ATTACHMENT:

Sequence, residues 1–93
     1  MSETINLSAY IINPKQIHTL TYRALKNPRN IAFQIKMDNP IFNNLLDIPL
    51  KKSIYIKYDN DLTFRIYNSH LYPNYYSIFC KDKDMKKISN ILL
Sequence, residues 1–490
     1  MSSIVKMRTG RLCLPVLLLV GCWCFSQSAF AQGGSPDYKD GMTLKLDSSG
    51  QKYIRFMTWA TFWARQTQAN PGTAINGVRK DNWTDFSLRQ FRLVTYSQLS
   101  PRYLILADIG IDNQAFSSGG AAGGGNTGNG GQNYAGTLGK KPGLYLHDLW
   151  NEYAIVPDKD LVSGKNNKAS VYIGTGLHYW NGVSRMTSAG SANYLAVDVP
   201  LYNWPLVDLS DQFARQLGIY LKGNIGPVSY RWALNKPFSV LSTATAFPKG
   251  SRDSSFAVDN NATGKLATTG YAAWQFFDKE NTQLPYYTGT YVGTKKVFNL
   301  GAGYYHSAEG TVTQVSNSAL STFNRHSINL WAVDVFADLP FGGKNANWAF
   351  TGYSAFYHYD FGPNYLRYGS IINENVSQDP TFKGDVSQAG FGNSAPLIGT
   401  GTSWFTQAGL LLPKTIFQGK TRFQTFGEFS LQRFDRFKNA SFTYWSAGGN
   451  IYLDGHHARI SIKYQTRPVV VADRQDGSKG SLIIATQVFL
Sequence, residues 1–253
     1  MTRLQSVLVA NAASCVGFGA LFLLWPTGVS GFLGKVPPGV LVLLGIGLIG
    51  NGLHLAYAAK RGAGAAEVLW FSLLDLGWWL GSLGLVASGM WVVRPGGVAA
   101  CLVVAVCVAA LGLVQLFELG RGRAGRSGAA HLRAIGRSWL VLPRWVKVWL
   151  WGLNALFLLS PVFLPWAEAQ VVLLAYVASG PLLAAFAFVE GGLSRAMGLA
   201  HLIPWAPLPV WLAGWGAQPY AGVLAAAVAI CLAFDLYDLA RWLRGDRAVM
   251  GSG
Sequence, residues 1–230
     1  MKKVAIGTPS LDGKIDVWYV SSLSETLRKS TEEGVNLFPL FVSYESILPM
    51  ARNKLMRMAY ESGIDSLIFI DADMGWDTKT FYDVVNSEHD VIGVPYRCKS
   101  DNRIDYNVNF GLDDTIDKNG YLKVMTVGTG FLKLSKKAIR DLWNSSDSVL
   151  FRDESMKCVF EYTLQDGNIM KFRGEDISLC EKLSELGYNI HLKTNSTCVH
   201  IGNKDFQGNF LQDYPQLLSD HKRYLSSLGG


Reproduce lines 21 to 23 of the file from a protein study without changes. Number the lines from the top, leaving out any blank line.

   251  GSG
Sequence, residues 1–230
     1  MKKVAIGTPS LDGKIDVWYV SSLSETLRKS TEEGVNLFPL FVSYESILPM